to receive any formula, water, or a pacifier, and have your doctor
record this on your baby's chart. Another important way to ensure
breastfeeding success is to turn down any offers of formula samples
to take home with you.
Your milk supply: Is your baby getting enough
Nursing for proper growth
During your baby's first two weeks he should be fed at least every
three hours around the clock. Wake him, if needed, to feed at this
frequency; if you received an epidural anesthetic during the birth,
waking may be necessary for the first several days. When your baby
is back to his birth weight and is regularly wetting and soiling
diapers, waking him to feed won't be necessary.
Many lactation consultants advise against timed or scheduled nursings,
though some mothers find scheduling necessary to fit into their
lifestyles. Left to their own timetables, babies breastfeed as needed
- sometimes in short, frequent feedings, sometimes in long ones
several hours apart, often at night. Your baby knows when he needs
food and will know when he has had enough. He will also get the
right balance of foremilk and hindmilk for optimal growth. In most
situations, you can simply leave the timing to him.
Your job is simple: Feed him whenever he is hungry and let him stay
on each breast until he has had enough. Let him finish the first
breast, give him a chance to burp, and offer the second.
Is your baby getting enough milk?
Breastfeeding works by the concept of supply and demand. In general,
if your baby is nursing frequently, has six to eight wet diapers
a day, is gaining weight, appears healthy, and receives no supplementation,
she is probably getting plenty of milk.
If you suspect that your milk production is tapering off, simply
increase the number of times you put your baby to the breast each
day and night. The more your baby stimulates and empties your breasts
by nursing (or the more you express or pump your milk), the more
milk you will produce. Remember, even if your breast feels empty,
it will produce milk as your child nurses.
Easy steps to increase your milk supply
1. Feed your baby nothing but your own milk. If you have been supplementing
formula, cut back gradually.
2. Encourage your baby to nurse as often and as long as she wants.
Don't give her a pacifier, which would replace sucking at the breast.
3. Check positioning to be sure your baby is nursing efficiently.
4. Encourage your baby to drain both breasts at each feeding. It's
fine to switch back and forth a few times during feedings to keep
5. Drink plenty of fluids, especially water, and eat a nutritious
diet. You may want to eat smaller, more frequent meals.
6. Rest, relax, and enjoy the closeness of your nursing time.
If you are still concerned about your milk supply, contact the lactation
consultant at your hospital, your midwife, doula or a La Leche League
leader for advice. In most cases, a few simple steps will remedy
the problem. If your baby is not gaining weight by the time he is
two weeks old, keep his doctor informed.
Overcoming Common Breastfeeding Problems
Even once you and your baby have successfully mastered the fundamentals
of breastfeeding, it’s not uncommon to experience problems
a bit later on. If you are aware of the potential issues in advance,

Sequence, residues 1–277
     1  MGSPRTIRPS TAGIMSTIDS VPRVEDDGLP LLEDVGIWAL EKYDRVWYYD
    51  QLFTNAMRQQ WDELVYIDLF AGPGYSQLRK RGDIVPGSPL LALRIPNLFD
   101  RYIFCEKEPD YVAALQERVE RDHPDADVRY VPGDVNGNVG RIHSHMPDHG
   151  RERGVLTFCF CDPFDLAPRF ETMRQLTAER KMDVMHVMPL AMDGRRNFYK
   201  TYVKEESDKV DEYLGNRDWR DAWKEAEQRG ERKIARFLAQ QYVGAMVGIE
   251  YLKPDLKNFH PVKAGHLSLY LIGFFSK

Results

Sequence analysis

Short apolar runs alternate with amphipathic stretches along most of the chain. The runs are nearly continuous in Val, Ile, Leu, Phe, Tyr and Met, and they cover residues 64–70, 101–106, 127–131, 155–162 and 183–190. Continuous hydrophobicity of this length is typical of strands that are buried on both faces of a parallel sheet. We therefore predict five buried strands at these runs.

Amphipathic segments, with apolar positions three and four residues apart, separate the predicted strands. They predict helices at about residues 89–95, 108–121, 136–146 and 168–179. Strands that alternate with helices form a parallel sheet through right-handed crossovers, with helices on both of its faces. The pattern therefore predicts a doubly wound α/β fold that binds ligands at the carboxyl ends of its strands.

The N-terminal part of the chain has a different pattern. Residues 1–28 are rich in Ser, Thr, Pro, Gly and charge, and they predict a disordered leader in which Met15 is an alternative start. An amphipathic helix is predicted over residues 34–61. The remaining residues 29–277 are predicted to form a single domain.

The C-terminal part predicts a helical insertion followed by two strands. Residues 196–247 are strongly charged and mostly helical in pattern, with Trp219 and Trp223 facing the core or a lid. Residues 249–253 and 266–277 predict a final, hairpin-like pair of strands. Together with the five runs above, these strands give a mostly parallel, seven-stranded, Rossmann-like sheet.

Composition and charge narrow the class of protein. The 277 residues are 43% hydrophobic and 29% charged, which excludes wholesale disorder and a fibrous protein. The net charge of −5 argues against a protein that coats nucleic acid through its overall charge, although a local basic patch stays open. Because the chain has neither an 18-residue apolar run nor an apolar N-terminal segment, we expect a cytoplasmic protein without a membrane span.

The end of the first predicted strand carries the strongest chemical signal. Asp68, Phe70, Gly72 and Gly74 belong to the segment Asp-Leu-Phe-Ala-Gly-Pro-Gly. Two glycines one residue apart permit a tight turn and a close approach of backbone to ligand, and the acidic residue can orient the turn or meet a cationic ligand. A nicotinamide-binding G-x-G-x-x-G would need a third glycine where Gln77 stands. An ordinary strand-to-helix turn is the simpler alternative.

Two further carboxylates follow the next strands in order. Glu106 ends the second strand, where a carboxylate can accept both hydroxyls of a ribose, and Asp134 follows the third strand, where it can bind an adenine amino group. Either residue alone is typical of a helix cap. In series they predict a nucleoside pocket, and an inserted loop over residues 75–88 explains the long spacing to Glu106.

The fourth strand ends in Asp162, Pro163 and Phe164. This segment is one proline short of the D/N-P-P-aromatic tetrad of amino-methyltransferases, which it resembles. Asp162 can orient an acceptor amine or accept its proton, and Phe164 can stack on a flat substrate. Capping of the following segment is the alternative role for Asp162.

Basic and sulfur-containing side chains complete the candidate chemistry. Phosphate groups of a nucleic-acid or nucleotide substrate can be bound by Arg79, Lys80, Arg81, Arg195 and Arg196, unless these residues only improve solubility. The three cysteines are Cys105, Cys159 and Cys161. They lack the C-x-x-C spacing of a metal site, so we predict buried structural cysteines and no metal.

you are better able to work through them quickly, and to know when
you may need to seek outside help. Motherwear's Essential
Breastfeeding Guide includes sections dedicated
to these challenges (including plugged ducts, mastitis, thrush and
more), most of which can be easily and quickly resolved. Refer to
our Guide to read up on these issues, and for detailed information
on how to solve them.
More Resources from Motherwear
Motherwear is committed to your breastfeeding success! Need a little
more help or encouragement? Check out these resources, all available
in the Breastfeeding
Resources section of our website:
Essential Breastfeeding Guide
Breastfeeding Guide is an indispensable
online resource for breastfeeding mothers and mothers-to-be. Thirty-three
pages of insightful information on important breastfeeding topics.
Visit the Breastfeeding Resources section and browse, download,
and print the Guide. Pass it out to all your friends! Individual
chapters are also available separately.
Parenting from the Heart
Our quarterly online magazine, Parenting
from the Heart , offers sage advice
and personal stories about breastfeeding and mothering from a community
of moms. Each issue also features MotherShare, a forum for real
nursing moms to respond to a breastfeeding question, offering
their insight and suggestions to other new moms and moms-to-be.
Your Monthly Breastfeeding Planner
You’re currently reading breastfeeding information we’ve
geared specifically to pregnant moms due any time now! Our website
offers insight and information on other stages of pregnancy and
birth, to help guide you through the details of selecting your nursing
wardrobe, planning for those first days in the hospital and home,
breastfeeding in public, returning to work, and more. Browse your
current stage, look back or ahead, and refer to this section often
as your pregnancy and nursing experiences progress:
It's Time to Shop for Maternity & Nursing Bras
(6th month of pregnancy)
Essential Information for New Nursing Moms (7th
month of pregnancy)
Pack Your Bag For Baby’s Birth! (baby due
in less than 2 months)
Building The Perfect Nursing Wardrobe (baby due
in 1 month or less)
Nursing On The Go (baby 1 month old)
Breastfeed Your Baby – Anytime, Anywhere (baby
2 months old)
Yes, You Can Breastfeed & Work (baby 3 months
10 Reasons to Keep Nursing your Baby (baby 4+ months
Our Favorite Breastfeeding Tips - A collection of
our favorite nursing tips, provided by Motherwear customers and
organized into distinct categories for easy reference. Review them
for support, help and inspiration; share with your pregnant and
nursing friends and email your own best tip to us!
Favorite Links" -
a resource in the "Breastfeeding Resources" section
that provides access to a wide range of valuable online breastfeeding
and parenting information and support.